As Macklem has pointed out, we now know that the first point of attack in cigarette smokers is the small airways. I believe this to be a highly significant observation, both in terms of the probable site of attack of air pollutantsand in terms of occupational lung disease. It leads, however, to one of the major unanswered questions, namely, “what is the relationship between a significant increase of closing volume in a cigarette smoking 25-year-old, and detectable impairment of maximal midexpiratory flow rate at the age of 40?”
We do not know the answer to this question, but we can recognize that it is a pivotal one. Research fund operating agencies might note that it will likely take a 15-year study to answer it, but this does not detract from its importance. By the time we have the answer to this question in convincing terms, we should know the extent to which changes in closing volume in smokers are due to intrinsic airway change or are related to loss of lung recoil. It seems likely that the progressive increase of closing volume with age is related to the loss of lung recoil, and this must be one of the important mechanisms that affect it. However, the closing volume can be reversibly affected. It is possible to show that the closing capacity is progressively increased in normal subjects when a gas such as ozone is breathed, and one assumes that this is due to edema occurring in the peripheral parts of the airway. Furthermore, there is a reasonable correspondence between the progressive increase in closing capacity and impairment of maximum midexpiratory flow rate (MMFR) during exposure and subsequent recovery, as shown in Figure 1. I do not know how close this correspondence might be in the population as a whole. It seems clear from the data of McCarthy et al that an increase of closing volume can be documented in some smokers who are asymptomatic, and in whom the forced expiratory volume in 1 second (FEVi.o) and maximal expiratory flow rates are normal. What we do not know is the prognostic significance of this observation.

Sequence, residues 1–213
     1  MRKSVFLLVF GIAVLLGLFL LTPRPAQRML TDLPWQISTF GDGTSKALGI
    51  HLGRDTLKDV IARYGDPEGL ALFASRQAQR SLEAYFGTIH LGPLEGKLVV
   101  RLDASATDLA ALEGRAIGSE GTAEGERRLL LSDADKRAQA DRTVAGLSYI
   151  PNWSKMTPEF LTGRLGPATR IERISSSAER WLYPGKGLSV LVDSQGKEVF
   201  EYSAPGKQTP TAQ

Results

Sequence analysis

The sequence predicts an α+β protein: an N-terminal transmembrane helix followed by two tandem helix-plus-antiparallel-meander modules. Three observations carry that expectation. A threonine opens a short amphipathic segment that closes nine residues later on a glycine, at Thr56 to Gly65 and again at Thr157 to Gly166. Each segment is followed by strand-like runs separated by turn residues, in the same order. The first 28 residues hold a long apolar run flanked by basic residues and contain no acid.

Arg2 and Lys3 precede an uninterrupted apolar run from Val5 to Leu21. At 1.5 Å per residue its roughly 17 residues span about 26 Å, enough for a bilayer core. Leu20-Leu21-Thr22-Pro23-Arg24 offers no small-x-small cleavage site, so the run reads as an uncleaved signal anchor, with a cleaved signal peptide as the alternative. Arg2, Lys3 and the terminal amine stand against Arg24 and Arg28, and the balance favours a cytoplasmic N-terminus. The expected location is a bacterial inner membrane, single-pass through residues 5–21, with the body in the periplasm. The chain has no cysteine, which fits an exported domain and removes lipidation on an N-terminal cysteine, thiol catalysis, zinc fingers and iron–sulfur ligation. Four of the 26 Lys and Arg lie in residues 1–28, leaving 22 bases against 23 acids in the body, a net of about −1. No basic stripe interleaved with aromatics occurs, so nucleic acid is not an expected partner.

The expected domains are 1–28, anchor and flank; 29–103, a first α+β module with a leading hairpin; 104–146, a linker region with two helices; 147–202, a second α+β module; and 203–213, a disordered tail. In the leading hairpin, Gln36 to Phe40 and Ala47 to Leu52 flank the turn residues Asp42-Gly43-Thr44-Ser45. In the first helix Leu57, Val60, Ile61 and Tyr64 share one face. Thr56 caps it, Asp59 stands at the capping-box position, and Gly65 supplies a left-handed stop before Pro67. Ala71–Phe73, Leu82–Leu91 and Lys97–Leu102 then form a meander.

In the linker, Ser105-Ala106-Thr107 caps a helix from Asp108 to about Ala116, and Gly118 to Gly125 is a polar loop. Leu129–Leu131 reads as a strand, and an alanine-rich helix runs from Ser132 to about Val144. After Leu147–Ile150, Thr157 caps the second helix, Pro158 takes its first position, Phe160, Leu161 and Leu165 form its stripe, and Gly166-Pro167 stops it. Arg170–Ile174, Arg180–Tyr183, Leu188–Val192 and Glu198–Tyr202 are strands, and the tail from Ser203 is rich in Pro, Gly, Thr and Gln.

Natural History of Chronic Bronchitis